Last year, we reported on a lawsuit brought against the Hollywood Foreign Press Association by a Norwegian journalist who accused the organization—which runs the Golden Globes—of operating as a “cartel” that exists solely to benefit its 87 members and provide them with exclusive opportunities to meet celebrities and get fancy handouts from studios and production companies hoping that a Golden Globe nomination will help boost their Oscar chances. That suit was eventually thrown out, with a judge explaining that, whether or not the organization was being unfair, not being allowed to join hadn’t unjustly hurt the journalist who filed the suit. Rather than celebrating the dismissal as a tacit approval of its practices, though, the HFPA is reportedly now facing some inner turmoil from members who think that, yeah, the way they operate is kinda fucked up.
That’s according to a new Los Angeles Times story, coming in just a week ahead of the 2021 Golden Globe Awards, which says that some HFPA members hoped the lawsuit would force the organization to make some “long-overdue changes.” Apparently the monthly meetings for members have become “a war zone” as some push back against the amount of money that the HFPA takes in and gives back to members who serve on various committees versus the amount of money it actually spends on helping to fund journalism programs or the other charitable causes it’s supposed to support.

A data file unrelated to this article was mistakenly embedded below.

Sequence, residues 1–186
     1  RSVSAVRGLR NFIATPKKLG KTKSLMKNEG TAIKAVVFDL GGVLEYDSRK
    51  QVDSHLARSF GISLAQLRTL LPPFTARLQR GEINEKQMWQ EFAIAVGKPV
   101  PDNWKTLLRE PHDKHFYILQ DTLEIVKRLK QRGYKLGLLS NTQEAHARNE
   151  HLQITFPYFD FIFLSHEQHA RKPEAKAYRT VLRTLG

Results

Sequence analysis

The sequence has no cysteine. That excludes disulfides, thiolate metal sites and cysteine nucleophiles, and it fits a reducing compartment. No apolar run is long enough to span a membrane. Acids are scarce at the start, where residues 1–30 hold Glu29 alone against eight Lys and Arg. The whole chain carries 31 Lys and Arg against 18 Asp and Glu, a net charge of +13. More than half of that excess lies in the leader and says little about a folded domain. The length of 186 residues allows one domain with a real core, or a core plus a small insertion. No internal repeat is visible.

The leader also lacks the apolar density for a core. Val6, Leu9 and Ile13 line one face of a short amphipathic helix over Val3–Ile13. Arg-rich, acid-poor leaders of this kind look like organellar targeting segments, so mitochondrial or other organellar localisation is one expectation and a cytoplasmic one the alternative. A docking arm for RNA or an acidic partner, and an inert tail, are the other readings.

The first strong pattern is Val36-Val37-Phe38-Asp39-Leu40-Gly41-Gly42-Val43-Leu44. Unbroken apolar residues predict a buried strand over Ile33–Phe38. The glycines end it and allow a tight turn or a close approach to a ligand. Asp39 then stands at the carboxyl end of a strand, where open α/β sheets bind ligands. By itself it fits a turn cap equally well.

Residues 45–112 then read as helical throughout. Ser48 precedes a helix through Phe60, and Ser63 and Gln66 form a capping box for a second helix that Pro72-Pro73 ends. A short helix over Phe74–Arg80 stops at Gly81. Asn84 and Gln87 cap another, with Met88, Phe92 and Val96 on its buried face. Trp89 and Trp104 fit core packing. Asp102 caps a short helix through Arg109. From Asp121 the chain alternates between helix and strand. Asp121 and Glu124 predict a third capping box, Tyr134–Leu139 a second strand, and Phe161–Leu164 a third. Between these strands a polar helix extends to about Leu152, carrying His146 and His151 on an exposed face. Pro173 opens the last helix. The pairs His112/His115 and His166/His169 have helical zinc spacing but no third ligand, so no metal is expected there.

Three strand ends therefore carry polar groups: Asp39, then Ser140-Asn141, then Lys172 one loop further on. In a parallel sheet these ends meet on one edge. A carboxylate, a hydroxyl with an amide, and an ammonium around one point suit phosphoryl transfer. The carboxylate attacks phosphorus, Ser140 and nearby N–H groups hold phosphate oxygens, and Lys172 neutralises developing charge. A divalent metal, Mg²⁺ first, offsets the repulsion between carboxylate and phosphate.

The HFPA is a tax-exempt non-profit, but members can get thousands of dollars a month for serving on these committees, like the two dozen members of a “foreign film viewing committee” who apparently get $3,645 a month or the travel committee members who the LA Times says got $2,310 a month last year… in the middle of a global pandemic that largely shut down all travel. Those payouts are all on top of the money the HFPA pays to its board members, which ranges from $63,433 to $135,957 a year, and they also get bonuses for working to put together the Golden Globes ceremony and for “working” at the charitable functions that the HFPA puts on.
Then there are, naturally, the ethical questions that the HFPA is always plagued with. Unnamed sources told the LA Times that there have been a few occasions when movie studios or producers tried to buy awards, but the HFPA denies that anything like that happens. The LA Times does note, however, that “more than 30 HFPA members” were flown to France in 2019 to talk about Emily In Paris, with the Paramount Network (which originally was going to air the series before it landed on Netflix) reportedly putting them up at the fancy Peninsula Paris Hotel. Though there’s surely no evidence that the two things are related, Emily In Paris was then nominated for for Best Television Series, a pick so controversial that it developed its own little cottage industry of controversy.
As for why anyone in Hollywood puts up with all of this, we covered that topic on a recent episode of our Push The Envelope podcast, but the LA Times also has a nice quote that sums up the entertainment industry’s tolerance for shadiness pretty well: “Everybody likes getting an award.”